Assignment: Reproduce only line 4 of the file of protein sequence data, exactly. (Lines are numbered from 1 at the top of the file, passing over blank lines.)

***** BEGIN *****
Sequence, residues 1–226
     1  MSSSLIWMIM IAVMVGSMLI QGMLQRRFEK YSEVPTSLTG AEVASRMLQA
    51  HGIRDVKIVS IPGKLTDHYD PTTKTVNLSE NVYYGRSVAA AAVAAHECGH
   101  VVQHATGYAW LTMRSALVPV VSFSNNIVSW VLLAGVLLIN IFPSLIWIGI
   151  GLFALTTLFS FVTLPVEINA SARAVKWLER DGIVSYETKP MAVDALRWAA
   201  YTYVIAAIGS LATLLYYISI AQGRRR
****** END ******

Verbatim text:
   101  VVQHATGYAW LTMRSALVPV VSFSNNIVSW VLLAGVLLIN IFPSLIWIGI